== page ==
Cost:  Hemp is the most expensive of the three insert types that Buttons sells.

Softness: In my experience, hemp is the least soft of the three different insert materials.  It can get stiff and even slightly rough feeling if you air dry the insert.  HOWEVER, Buttons has figured out a way to put the soft and fluffy side of hemp on the outside layer of their inserts, and I’ve found that their hemp inserts are the softest I’ve tried!  So they still get a point in my book.  🙂

Other thoughts:

  • While I didn’t officially measure absorbency speed, hemp is known for being the slowest to absorb liquid.  I could visually see a difference between the hemp and microfiber absorbency speeds when I was testing it.
  • Insert can bunch up and stiffen when wet.  This is more common with toddlers who are active!

Choose hemp if:

  • You have a heavy wetter.
  • You want a natural fiber insert with a stay-dry liner on top (Buttons is one of the few brands to offer this!)
  • You have a larger baby/heavier toddler prone to getting compression leaks with microfiber.  
  • You need a trim insert to fit nicely under clothes (hemp inserts are popular for being absorbent AND thin!).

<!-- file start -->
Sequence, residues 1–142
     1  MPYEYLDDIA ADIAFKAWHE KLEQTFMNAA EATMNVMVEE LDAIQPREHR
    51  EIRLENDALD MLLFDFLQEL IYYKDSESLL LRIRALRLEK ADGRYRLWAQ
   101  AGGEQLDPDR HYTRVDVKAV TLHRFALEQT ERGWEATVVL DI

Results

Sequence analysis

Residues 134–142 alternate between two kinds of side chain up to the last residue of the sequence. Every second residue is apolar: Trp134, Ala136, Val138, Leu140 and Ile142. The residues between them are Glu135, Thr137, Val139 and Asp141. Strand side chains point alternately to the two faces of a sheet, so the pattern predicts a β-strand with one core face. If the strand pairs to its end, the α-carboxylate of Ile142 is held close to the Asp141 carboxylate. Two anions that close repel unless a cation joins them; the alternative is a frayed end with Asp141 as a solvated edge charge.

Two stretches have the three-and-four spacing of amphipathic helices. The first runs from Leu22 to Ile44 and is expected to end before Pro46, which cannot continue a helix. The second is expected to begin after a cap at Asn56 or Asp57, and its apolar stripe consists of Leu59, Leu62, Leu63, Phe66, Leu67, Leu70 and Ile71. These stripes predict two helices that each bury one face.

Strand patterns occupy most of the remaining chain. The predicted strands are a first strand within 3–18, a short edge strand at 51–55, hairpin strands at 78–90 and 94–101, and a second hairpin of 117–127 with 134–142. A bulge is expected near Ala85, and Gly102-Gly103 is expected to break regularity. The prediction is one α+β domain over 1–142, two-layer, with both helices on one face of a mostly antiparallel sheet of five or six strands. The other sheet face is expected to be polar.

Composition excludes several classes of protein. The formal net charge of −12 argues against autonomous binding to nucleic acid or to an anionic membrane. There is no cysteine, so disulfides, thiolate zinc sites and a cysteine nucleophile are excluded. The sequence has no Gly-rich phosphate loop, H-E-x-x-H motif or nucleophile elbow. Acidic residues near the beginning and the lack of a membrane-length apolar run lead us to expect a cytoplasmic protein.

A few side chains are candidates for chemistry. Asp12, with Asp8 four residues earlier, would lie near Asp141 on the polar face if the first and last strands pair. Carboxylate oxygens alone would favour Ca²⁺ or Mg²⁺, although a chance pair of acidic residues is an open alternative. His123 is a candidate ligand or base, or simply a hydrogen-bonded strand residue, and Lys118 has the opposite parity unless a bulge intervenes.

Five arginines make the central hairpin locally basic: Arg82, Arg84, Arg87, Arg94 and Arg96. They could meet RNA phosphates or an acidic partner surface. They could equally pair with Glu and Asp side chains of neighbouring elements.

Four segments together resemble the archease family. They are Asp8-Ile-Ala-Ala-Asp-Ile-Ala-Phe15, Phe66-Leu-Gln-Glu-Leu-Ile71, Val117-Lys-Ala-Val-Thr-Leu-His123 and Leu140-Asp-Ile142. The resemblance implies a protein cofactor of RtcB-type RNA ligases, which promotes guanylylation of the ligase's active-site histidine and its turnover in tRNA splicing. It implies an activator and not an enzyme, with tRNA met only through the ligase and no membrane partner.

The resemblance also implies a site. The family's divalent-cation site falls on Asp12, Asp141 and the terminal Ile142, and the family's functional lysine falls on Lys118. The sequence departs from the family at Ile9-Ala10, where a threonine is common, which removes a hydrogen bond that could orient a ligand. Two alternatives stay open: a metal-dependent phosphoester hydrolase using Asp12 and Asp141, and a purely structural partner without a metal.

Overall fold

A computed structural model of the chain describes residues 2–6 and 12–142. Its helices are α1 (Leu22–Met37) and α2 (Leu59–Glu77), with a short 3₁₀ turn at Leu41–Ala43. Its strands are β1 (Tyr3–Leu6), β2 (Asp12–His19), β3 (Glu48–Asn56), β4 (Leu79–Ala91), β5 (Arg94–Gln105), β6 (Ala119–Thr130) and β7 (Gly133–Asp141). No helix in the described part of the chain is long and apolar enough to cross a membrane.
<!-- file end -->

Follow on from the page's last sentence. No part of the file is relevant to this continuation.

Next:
Bamboo

(soft dense fabric, usually white in color and smooth, though some brands can be more like a terry cloth texture)IMG_7481

Absorbency (Quantity and Speed): The new Buttons small bamboo insert absorbed 3/4 c. of water, and didn’t leak at all when I gave it a gentle squeeze!  It was slower to absorb than microfiber, but I didn’t see much difference in speed between bamboo and hemp.

Cost:  The Buttons bamboo insert is slightly less expensive than their hemp insert option, but still almost twice the cost of microfiber.

Softness: The bamboo fabric is very soft and smooth to the touch.  It does become hard and stiff when soaked.

Other thoughts:

  •  Slow to dry.
  • Insert feels stiff and hard when wet.
  • Insert can bunch up when wet.  This is more common with toddlers who are active!
  • The Buttons bamboo inserts shrunk up a lot while being prepped.  It is visually smaller than their hemp and microfiber counterparts, even though it started out larger.  I think bamboo could beat out hemp and microfiber for absorbency IF the prepped size was closer the hemp and microfiber inserts.

Choose bamboo if:

  • You have a heavy wetter.
  • You want natural fibers against your baby’s skin.
  • You need a faster absorbing fabric than hemp.
  • You have a larger baby/heavier toddler prone to getting compression leaks with microfiber.